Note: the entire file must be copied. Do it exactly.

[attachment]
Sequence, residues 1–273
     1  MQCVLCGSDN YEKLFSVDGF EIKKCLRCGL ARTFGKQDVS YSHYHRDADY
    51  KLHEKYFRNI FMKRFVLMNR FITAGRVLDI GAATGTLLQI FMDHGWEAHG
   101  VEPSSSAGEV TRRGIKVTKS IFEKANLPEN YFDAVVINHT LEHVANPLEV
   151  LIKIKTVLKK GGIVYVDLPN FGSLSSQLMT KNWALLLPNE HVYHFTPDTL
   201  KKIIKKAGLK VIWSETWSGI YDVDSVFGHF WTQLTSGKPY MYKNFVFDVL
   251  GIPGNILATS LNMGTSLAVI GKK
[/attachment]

Sequence, residues 1–273
     1  MQCVLCGSDN YEKLFSVDGF EIKKCLRCGL ARTFGKQDVS YSHYHRDADY
    51  KLHEKYFRNI FMKRFVLMNR FITAGRVLDI GAATGTLLQI FMDHGWEAHG
   101  VEPSSSAGEV TRRGIKVTKS IFEKANLPEN YFDAVVINHT LEHVANPLEV
   151  LIKIKTVLKK GGIVYVDLPN FGSLSSQLMT KNWALLLPNE HVYHFTPDTL
   201  KKIIKKAGLK VIWSETWSGI YDVDSVFGHF WTQLTSGKPY MYKNFVFDVL
   251  GIPGNILATS LNMGTSLAVI GKK